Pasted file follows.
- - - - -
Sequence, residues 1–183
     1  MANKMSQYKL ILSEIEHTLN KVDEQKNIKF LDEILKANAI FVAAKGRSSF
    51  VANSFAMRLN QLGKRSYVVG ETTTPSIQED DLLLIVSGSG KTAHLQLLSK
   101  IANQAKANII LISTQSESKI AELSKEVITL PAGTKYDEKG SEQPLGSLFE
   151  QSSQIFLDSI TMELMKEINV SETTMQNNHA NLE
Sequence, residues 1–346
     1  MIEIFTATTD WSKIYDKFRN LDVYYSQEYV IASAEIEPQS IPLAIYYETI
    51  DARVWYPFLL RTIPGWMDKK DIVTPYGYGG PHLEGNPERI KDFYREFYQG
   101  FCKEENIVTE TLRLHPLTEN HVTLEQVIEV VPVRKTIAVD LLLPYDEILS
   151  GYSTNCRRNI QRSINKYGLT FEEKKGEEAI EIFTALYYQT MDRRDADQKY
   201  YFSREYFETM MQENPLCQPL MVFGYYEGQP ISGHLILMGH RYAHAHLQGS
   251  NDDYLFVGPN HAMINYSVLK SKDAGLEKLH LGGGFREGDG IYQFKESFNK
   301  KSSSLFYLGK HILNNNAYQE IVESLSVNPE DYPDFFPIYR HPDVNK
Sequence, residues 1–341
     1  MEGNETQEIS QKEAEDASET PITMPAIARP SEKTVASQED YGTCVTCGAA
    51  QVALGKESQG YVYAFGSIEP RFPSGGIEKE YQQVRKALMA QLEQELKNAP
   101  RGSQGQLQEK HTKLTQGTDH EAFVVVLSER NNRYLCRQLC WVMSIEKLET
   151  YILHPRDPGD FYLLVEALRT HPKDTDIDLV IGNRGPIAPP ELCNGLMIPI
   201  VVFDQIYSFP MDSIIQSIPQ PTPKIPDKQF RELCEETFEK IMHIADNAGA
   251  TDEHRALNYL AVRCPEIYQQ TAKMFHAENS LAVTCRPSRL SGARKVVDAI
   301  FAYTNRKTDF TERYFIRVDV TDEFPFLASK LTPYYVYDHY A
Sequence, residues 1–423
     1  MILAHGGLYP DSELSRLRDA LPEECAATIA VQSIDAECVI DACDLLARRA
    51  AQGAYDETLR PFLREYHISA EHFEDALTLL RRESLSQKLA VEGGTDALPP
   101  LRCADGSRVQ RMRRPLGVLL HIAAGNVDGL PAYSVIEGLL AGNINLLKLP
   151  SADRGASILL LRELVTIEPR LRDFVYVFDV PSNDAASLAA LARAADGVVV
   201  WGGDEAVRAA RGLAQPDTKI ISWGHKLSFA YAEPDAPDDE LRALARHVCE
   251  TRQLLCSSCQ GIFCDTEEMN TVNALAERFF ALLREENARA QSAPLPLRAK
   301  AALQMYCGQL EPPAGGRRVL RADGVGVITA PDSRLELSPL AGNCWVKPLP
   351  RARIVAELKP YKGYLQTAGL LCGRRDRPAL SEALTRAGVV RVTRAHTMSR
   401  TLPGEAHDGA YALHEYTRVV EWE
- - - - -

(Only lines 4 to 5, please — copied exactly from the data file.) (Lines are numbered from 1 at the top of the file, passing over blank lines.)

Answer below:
   101  IANQAKANII LISTQSESKI AELSKEVITL PAGTKYDEKG SEQPLGSLFE
   151  QSSQIFLDSI TMELMKEINV SETTMQNNHA NLE